I chuckled to myself - what had I been so nervous about? I know my strength. Why did I question it? Has there ever been a hill I couldn't climb? Have I ever had to walk my bike (okay, the very top of Mt. Diablo where it pitches straight up and it was my 3rd ride EVER...I wonder if I'd have to do that now...) or turn around? NO! Why do we play these mind games with ourselves? I DID IT and I was pretty proud of how great I felt.
We stopped to take it in, reapply sunscreen, drink up some sport drink, and get ready for a long, twisting descent. I couldn't WAIT!
The road went down, down down and I don't know if I've ever been on a descent where I had to use my brakes so much. At times slightly nerve-racking, but mostly thrilling and so much fun that I couldn't keep my mouth shut from smiling. I must've swallowed at least a couple of bugs.
As we made our way into the town of St. Helena, I smiled and drew in a deep breath. What a rush! I would do that again in an instant. Except unlike skiing where you experience a similar feeling and simply hop on the lift to go down again, this would require another 40 minutes (at least) of uphill grunting and grinding before you were able to experience the sweet reward that this descent was. No doubt going up this side would be considerably more difficult than the side we came up on!
We took turns in pulling up the road to Calistoga, an easy 7 miles with a couple of inclines but I was determined to remain strong and keep a hefty pace before we stopped for a coke in town. Rewards are meant to be worked for!
Pulling into a small diner, we removed our sweat-soaked helmets and chucked our gloves on a table. The tourists of Calistoga looked at us like we were nuts. It was about 10:15 a.m. and the day was already turning out to be a hot one. It's these times I feel like a bad-ass and don't care that I stink like sweat and b.o. and may possibly be offending those around me. In my head I have a short conversation:"What were you doing this morning? Oh me, I just rode over the mountain from Santa Rosa. Yeah, it's been a nice morning. I earned this Coke."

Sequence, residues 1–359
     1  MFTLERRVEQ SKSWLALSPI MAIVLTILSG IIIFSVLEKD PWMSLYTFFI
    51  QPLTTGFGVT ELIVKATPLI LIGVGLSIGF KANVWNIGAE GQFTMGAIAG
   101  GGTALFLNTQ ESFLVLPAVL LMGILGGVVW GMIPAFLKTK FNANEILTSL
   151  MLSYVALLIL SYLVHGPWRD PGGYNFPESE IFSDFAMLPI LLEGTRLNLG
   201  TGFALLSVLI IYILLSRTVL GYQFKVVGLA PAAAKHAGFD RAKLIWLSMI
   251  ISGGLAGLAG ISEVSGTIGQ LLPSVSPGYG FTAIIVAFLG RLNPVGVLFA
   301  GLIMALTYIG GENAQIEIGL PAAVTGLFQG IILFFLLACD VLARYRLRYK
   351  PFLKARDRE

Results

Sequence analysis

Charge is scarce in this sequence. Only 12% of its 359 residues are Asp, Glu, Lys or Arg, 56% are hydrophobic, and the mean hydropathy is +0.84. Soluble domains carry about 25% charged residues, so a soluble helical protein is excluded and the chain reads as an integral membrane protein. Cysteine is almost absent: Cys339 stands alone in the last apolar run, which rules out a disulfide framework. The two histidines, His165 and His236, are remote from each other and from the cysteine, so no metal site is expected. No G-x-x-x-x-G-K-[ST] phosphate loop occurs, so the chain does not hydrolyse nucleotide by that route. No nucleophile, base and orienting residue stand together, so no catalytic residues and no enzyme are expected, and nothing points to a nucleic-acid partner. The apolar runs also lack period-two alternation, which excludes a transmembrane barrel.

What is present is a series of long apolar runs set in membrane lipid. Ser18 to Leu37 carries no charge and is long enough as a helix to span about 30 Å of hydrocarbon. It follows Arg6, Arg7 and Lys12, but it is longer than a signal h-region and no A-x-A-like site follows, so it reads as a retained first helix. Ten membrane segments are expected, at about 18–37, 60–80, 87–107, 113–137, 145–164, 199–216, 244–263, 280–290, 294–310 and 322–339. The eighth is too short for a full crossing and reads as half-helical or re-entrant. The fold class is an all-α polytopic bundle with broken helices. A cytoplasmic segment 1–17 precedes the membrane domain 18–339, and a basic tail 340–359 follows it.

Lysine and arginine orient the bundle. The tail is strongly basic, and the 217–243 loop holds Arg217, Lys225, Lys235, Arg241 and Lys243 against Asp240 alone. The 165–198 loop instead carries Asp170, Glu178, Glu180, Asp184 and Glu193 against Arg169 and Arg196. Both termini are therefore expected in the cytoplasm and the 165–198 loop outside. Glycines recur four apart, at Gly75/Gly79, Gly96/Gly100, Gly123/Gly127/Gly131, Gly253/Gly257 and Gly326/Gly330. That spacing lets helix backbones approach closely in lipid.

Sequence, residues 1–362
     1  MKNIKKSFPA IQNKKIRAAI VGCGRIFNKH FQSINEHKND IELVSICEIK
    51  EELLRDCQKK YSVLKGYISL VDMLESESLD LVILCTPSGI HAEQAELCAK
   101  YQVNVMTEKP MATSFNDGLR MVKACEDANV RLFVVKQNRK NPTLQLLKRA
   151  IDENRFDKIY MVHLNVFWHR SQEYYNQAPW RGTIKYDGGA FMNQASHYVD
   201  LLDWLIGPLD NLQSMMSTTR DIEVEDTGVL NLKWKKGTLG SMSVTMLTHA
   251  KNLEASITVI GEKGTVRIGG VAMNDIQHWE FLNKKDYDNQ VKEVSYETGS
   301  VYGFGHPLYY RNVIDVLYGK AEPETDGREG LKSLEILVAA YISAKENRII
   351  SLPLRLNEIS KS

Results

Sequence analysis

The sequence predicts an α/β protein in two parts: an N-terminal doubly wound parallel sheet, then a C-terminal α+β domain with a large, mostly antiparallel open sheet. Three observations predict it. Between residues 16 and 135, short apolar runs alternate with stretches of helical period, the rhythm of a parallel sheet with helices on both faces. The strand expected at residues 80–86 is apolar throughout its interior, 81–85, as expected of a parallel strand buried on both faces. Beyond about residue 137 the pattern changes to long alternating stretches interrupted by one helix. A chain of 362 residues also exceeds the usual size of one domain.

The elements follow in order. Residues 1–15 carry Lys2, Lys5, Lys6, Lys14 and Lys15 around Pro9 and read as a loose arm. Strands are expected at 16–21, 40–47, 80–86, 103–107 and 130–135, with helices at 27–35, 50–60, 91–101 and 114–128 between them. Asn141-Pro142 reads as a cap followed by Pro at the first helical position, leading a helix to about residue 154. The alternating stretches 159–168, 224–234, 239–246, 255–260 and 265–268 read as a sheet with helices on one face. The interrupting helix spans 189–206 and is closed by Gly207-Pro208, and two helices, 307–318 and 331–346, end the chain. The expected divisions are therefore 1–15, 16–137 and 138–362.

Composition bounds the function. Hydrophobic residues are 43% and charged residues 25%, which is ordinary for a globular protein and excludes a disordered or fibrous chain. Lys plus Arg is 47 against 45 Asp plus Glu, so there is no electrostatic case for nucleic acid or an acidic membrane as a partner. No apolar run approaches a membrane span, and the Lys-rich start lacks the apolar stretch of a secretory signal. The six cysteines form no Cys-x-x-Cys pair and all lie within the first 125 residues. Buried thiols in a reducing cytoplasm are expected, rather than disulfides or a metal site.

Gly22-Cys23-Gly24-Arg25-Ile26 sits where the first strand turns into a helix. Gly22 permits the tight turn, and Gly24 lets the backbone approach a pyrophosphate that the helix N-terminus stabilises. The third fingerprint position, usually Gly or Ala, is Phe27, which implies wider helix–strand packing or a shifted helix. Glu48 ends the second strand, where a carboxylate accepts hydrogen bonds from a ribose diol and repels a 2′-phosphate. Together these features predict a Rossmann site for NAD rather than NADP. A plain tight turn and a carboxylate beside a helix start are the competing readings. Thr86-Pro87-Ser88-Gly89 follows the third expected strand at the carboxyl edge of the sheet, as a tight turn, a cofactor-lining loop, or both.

We shared a Coke and a bag of Salt & Pepper Kettle Chips. The salt tasted sooooooo good. Never have I enjoyed potato chips this much until yesterday. I let each chip just sit on my tongue, scintillating the salty taste buds and let them become saturated with all of the salt each crisp contained. Mmmmmmm.
Filled our watter bottles with ice and water. Out the door, ready to resume our journey back west. It was definitely warm and we had a bitch of a climb coming up. North another two miles and left on Petrified Forest Road.
I don't know why I get nervous when I know a big climb is coming. Am I nervous that I'll go slow on it? Am I nervous just because I know it's hard? In any case, I was starting to get nervous again. I told myself to suck it up and be strong.